Just in time for Mother’s Day comes The Mother, a heartwarming tale of familial love courtesy of Netflix that opens with our titular heroine (Jennifer Lopez) getting brutally stabbed in her big pregnant belly — no worries, mom and baby are just fine. Yet those expecting a tasty slice of maternal sleaze a la Zack Parker’s Proxy or Alexandre Bustillo and Julien Maury’s Inside would be wise to look elsewhere, as The Mother is simply the umpteenth gloss on Taken, in which a highly adept individual with a specific set of skills must shoot their way through dozens of bad guys in order to rescue their kidnapped offspring.
The Mother — yes, she has no name, because this movie understands that all mothers are truly one mother, their struggles and triumphs binding them together while stripping them of individuality; yes, it’s insulting — is ex-military and a former Special Ops agent turned rogue who, as the film opens, is seeking FBI protection after ratting out the violent men with whom she did business. You see, The Mother isn’t a bad person. Sure, she brokered illegal arms deals between two of the most ruthless and dangerous men on the planet — Hector (Gael Garcia Bernal) and Adrian (Joseph Fiennes), respectively — who then profited off their sale that presumably resulted in the death of thousands of innocent men, women, and children. But when she discovered that these men were also involved in human trafficking, her conscience could no longer be silenced, because… cognitive dissonance. The FBI ultimately demands that The Mother put her newborn daughter up for adoption if she wants to be a part of the witness protection program — hell of a caveat!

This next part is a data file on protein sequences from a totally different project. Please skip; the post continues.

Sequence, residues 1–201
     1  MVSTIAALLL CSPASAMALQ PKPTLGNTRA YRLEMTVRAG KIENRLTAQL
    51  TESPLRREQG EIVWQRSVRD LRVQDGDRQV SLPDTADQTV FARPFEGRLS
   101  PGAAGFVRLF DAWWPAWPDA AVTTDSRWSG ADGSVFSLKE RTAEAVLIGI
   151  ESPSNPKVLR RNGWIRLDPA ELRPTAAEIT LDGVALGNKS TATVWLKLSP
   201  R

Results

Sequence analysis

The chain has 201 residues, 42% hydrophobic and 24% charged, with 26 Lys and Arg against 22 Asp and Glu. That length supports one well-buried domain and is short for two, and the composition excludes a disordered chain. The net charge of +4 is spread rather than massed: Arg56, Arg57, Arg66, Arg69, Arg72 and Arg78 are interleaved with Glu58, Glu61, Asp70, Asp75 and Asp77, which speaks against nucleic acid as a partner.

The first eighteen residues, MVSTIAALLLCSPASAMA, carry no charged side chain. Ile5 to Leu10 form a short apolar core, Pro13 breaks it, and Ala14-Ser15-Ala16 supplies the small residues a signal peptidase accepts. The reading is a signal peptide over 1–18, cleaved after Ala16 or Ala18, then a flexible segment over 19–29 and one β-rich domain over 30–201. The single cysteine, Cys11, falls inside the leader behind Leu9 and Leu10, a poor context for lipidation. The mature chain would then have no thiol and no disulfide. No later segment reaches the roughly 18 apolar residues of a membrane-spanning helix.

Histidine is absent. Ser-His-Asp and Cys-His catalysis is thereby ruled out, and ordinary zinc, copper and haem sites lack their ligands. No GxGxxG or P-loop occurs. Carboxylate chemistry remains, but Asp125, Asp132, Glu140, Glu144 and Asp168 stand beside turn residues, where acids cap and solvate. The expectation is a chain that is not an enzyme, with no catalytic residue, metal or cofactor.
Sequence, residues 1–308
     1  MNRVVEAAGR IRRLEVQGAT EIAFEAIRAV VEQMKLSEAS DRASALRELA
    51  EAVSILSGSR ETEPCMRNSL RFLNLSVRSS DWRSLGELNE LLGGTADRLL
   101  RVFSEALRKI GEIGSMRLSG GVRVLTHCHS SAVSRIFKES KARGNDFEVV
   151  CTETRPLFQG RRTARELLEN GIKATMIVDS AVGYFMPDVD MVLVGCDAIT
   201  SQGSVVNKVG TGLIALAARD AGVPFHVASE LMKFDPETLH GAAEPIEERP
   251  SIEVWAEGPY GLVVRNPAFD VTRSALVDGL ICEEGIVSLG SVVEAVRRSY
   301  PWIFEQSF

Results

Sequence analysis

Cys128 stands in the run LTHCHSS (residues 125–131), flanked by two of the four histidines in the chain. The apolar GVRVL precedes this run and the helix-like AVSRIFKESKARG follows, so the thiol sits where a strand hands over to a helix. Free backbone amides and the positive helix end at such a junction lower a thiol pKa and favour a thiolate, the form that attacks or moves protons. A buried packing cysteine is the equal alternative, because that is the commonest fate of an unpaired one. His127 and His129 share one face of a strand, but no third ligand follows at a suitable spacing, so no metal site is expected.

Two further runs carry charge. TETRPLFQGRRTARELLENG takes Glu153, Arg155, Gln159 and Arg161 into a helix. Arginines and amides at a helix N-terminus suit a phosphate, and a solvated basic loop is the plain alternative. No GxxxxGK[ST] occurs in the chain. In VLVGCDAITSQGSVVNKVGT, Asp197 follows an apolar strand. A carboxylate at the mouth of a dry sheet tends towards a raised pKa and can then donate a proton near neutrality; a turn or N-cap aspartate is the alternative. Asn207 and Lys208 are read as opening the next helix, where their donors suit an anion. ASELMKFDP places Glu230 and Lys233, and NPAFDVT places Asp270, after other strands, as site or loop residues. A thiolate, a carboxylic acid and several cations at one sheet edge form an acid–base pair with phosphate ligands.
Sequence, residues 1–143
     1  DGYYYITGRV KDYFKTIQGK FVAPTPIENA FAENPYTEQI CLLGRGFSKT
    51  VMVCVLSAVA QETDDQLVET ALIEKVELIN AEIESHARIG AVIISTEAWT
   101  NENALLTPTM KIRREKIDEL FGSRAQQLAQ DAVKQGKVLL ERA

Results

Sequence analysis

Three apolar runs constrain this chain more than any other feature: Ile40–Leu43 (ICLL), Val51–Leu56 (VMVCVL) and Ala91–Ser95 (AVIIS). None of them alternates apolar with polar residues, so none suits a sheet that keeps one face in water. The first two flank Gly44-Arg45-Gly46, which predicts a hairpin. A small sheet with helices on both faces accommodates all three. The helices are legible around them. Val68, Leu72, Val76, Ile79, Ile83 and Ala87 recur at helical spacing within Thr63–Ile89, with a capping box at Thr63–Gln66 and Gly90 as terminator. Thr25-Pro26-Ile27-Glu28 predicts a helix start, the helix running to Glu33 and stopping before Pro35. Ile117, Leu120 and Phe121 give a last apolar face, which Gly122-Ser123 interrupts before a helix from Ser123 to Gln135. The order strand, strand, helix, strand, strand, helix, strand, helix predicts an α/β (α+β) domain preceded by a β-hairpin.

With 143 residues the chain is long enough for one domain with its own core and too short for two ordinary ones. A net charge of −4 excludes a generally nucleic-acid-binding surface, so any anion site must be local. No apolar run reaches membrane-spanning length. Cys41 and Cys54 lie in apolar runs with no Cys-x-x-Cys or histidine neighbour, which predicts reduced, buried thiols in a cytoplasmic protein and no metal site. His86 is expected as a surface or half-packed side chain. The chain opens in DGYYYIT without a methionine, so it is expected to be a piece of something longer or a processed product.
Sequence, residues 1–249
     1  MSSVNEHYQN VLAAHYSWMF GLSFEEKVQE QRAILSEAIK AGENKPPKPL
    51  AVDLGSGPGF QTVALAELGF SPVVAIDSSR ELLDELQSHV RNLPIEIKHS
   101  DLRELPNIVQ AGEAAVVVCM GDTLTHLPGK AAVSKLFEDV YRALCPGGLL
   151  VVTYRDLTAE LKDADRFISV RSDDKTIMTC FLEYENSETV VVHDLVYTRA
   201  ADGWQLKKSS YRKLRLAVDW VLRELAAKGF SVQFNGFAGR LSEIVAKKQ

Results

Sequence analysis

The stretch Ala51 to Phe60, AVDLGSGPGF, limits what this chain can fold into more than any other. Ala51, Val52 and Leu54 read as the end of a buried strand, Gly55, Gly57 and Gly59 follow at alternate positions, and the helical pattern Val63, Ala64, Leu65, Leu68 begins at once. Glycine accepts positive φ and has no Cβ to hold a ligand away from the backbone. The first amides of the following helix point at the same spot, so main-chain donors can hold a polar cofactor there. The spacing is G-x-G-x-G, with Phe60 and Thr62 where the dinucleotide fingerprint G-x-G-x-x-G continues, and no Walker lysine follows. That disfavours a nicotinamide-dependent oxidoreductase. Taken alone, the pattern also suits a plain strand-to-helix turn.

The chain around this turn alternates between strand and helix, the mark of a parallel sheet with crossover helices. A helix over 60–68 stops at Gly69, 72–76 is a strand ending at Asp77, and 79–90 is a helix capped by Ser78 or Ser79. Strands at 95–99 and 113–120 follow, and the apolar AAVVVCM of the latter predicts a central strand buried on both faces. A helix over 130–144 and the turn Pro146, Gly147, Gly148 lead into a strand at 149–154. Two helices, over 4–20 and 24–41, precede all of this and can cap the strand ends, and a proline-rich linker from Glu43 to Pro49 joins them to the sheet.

But this mom is all about self-sacrifice in the name of safety for her child, so she hightails it to the Alaskan wilderness while the baby gets the suburban upbringing she deserves. In a stunning plot twist, however, Hector discovers the daughter’s identity and whereabouts — it takes him 12 years, but still — and so The Mother is called back into action, leaving a reprehensible amount of collateral damage in her wake. But wait, weren’t there two bad guys? The Mother desperately tries to avoid the repetition baked into its plot by having The Mother whisk daughter Zoe (Lucy Paez) away to Alaska after a second attempted kidnapping so that she can teach her how to shoot stuff and be a badass survivalist, hopefully before the aforementioned Adrian can track down their whereabouts.
A film with a plot this hoary needs to excel in the action department if it wants to command any sort of attention, and unfortunately, director Niki Caro is simply not up to the task. A filmmaker whose resume includes a wildly overrated debut (Whale Rider) along with awards also-rans (North Country, The Zookeeper’s Wife) and big-budget studio fare (2020’s dud live-action Mulan remake), Caro’s visual style is as bland and generic as the plot of The Mother itself, with all of the various chase scenes and shoot-outs lacking finesse in both staging and cutting. She certainly isn’t helped by Lopez, who isn’t necessarily bad here, but is notably so stuck in glum-mode that it cancels out the star’s natural charisma. Bernal and his character, meanwhile, are in another movie altogether, with his voracious scenery-chewing matching a villain who, minus brief flashbacks, shares only one scene with Lopez, and the majority of his dialogue within it involves the various ways she “makes his dick hard” and how he can’t wait to “split her open” with it — Mother’s Day appointment-viewing if ever it existed. At least this leads to Lopez delivering a catchphrase that is sure to take on “I’ll be back!” levels of popularity, when she solemnly intones, “We didn’t have a safe word” as bullets begin to fly through the air. Kinksters, take heed, as there is little else of value on offer in The Mother, which fails to meet even its mind-numbingly low ambitions. Moms everywhere — the late Joan Crawford included — deserve better than this half-assed drudgery.
You can currently stream The Mother on Netflix.
Published as part of InRO Weekly — Volume 1, Issue 19.